The Evolution of Mozart's Pianistic Style

The Evolution of Mozart's Pianistic Style

The Evolution of Mozart's Pianistic Style

The Evolution of Mozart's Pianistic Style

Synopsis

Mario R. Mercado explains Mozart's pivotal involvement in the profound transformation of keyboard practice in the late eighteenth century as the piano supplanted the harpsichord and the keyboard instrument exchanged its former continuo role for a new solo role.

After an intriguing look at Mozart's extraordinary childhood filled with the singular experiences and opportunities that helped form his early career, Mercado examines Mozart's early piano works and the new pianistic idioms that shaped their style. Paying particular attention to the Concerto in E-flat Major K. 271, written in 1777, which in its new level of keyboard virtuosity represents a decisive advance in pianistic style, Mercado then scrutinizes the piano genres the composer cultivated during his early maturity- the solo sonata and ensemble sonata as well as smaller solo works and the concerto.

With his last two piano concertos and a group of small solo works from the final decade of his life, Mozart took the forms of his era to their limit, creating a musical transition to the nineteenth century.

Excerpt

In the immense picture of Mozart's work, a special perspective arises through the evolution of his keyboard music. As the documents of his life attest, Mozart was an eminent performer on the organ, harpsichord, and clavichord, but it was the piano that became his favorite, his "personal" instrument in settings ranging from the classical orchestral texture of the piano concerto to the most intimate solo literature seemingly addressed to no other audience than the composer himself. Mozart's short life coincided with the rise of the piano, and a shift in musical taste produced new ideals of instrumental sound as well as new instrumental genres specifically linked to these ideals. The development of keyboard practice in the eighteenth century is complex and marked by subtly varying trends, and in Mozart's work, many of these trends characteristically merge. Certain pieces reflect keyboard traditions rooted in the late Baroque. Others, particularly the sonatas, outline the road through a midcentury style to Viennese Classicism, while isolated ones from his last years point to a style beyond his time.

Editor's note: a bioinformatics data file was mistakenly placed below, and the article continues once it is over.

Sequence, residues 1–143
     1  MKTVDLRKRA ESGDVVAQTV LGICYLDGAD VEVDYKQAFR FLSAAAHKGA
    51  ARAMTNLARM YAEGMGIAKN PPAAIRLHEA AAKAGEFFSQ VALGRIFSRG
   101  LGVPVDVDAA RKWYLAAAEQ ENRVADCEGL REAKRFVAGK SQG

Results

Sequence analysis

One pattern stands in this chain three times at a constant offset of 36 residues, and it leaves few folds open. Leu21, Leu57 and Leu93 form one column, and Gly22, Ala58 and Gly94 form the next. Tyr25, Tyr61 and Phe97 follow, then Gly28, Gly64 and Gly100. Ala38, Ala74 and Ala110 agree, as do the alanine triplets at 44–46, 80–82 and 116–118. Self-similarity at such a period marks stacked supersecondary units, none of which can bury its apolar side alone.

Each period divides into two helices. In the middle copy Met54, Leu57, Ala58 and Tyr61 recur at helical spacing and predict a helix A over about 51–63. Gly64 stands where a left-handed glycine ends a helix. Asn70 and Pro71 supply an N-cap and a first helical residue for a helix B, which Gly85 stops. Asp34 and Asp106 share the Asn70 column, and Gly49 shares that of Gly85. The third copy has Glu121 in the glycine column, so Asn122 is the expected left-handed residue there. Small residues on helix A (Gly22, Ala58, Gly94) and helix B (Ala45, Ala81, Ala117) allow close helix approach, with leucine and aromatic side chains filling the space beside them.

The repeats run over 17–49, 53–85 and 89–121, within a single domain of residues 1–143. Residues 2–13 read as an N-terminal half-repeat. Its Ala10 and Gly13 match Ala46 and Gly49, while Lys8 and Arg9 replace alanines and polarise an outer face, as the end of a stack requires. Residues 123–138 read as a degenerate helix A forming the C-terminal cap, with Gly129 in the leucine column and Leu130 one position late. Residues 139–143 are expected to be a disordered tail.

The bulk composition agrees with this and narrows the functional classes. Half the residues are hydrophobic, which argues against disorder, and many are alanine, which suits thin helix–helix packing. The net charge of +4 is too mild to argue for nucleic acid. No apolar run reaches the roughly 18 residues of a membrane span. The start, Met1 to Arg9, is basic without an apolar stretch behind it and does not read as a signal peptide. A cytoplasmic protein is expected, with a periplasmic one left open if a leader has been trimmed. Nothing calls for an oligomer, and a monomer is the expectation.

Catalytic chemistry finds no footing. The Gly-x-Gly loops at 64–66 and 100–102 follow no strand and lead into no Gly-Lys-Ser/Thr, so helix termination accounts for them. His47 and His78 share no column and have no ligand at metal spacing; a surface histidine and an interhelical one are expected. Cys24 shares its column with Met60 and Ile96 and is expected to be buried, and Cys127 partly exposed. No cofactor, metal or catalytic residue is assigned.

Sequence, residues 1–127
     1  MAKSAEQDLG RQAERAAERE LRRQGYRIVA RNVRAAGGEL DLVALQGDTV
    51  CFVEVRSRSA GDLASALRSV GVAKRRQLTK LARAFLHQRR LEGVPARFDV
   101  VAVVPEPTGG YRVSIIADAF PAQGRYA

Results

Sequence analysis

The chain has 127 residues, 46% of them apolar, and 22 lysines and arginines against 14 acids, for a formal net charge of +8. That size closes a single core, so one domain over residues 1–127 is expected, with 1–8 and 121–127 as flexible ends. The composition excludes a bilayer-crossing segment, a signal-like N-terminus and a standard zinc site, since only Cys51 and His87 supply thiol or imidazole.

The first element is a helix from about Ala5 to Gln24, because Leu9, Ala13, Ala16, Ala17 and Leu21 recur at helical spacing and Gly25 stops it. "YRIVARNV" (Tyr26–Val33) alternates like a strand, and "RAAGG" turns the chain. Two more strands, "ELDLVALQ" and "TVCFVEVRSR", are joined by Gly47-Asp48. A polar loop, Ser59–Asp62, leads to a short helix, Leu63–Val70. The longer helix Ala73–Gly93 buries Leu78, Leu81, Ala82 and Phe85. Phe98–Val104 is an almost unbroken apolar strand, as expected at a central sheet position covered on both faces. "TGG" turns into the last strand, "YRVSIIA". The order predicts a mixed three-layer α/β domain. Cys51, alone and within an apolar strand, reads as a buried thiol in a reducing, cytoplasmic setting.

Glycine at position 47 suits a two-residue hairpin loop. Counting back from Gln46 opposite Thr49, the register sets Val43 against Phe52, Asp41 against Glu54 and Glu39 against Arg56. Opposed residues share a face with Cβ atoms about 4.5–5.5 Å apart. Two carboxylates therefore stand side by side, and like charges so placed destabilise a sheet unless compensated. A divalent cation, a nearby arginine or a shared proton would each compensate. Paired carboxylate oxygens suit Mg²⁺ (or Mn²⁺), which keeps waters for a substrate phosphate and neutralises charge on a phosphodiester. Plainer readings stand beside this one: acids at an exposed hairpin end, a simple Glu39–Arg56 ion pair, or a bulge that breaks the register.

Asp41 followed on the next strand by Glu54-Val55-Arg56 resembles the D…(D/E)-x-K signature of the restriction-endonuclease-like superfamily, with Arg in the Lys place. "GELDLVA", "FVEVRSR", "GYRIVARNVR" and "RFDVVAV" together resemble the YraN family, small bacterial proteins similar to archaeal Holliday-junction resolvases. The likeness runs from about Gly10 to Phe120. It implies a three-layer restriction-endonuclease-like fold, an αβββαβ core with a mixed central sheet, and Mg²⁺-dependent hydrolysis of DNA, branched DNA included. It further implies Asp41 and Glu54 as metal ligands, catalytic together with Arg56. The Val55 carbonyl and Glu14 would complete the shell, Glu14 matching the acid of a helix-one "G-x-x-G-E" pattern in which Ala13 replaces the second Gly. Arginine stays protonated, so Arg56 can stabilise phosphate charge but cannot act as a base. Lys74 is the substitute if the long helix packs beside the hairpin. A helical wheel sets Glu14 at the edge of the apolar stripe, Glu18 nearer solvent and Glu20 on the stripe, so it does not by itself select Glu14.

In the vast and ever-growing literature devoted to Mozart, one book, published in 1955 in anticipation of the two-hundredth anniversary of the composer's birth, was to assume a special place, Hanns Dennerlein Der unbekannte Mozart: Die Welt seiner Klavierwerke. It was the first monograph dealing with Mozart's entire keyboard oeuvre. Set within a chronological frame, it provided a stylistic overview of Mozart's music from the perspective of keyboard composition.

The title of Dennerlein's work presented two specific challenges. It reminded the reader that the world of Mozart's keyboard music had remained to some extent that of the unbekannte Mozart (the unknown Mozart). Dennerlein's principal aim was to move to the forefront a segment of Mozart's work . . .

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